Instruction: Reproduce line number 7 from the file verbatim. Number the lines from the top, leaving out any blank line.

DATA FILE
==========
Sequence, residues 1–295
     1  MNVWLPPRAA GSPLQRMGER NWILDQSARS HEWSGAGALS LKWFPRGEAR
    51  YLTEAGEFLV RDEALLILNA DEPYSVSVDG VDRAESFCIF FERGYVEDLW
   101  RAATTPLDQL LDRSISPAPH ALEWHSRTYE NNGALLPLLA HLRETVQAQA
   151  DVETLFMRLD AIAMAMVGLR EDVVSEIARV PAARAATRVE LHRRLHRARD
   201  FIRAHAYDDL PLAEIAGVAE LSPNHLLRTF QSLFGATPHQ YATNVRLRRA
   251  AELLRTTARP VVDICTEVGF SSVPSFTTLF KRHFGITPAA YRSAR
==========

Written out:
   251  AELLRTTARP VVDICTEVGF SSVPSFTTLF KRHFGITPAA YRSAR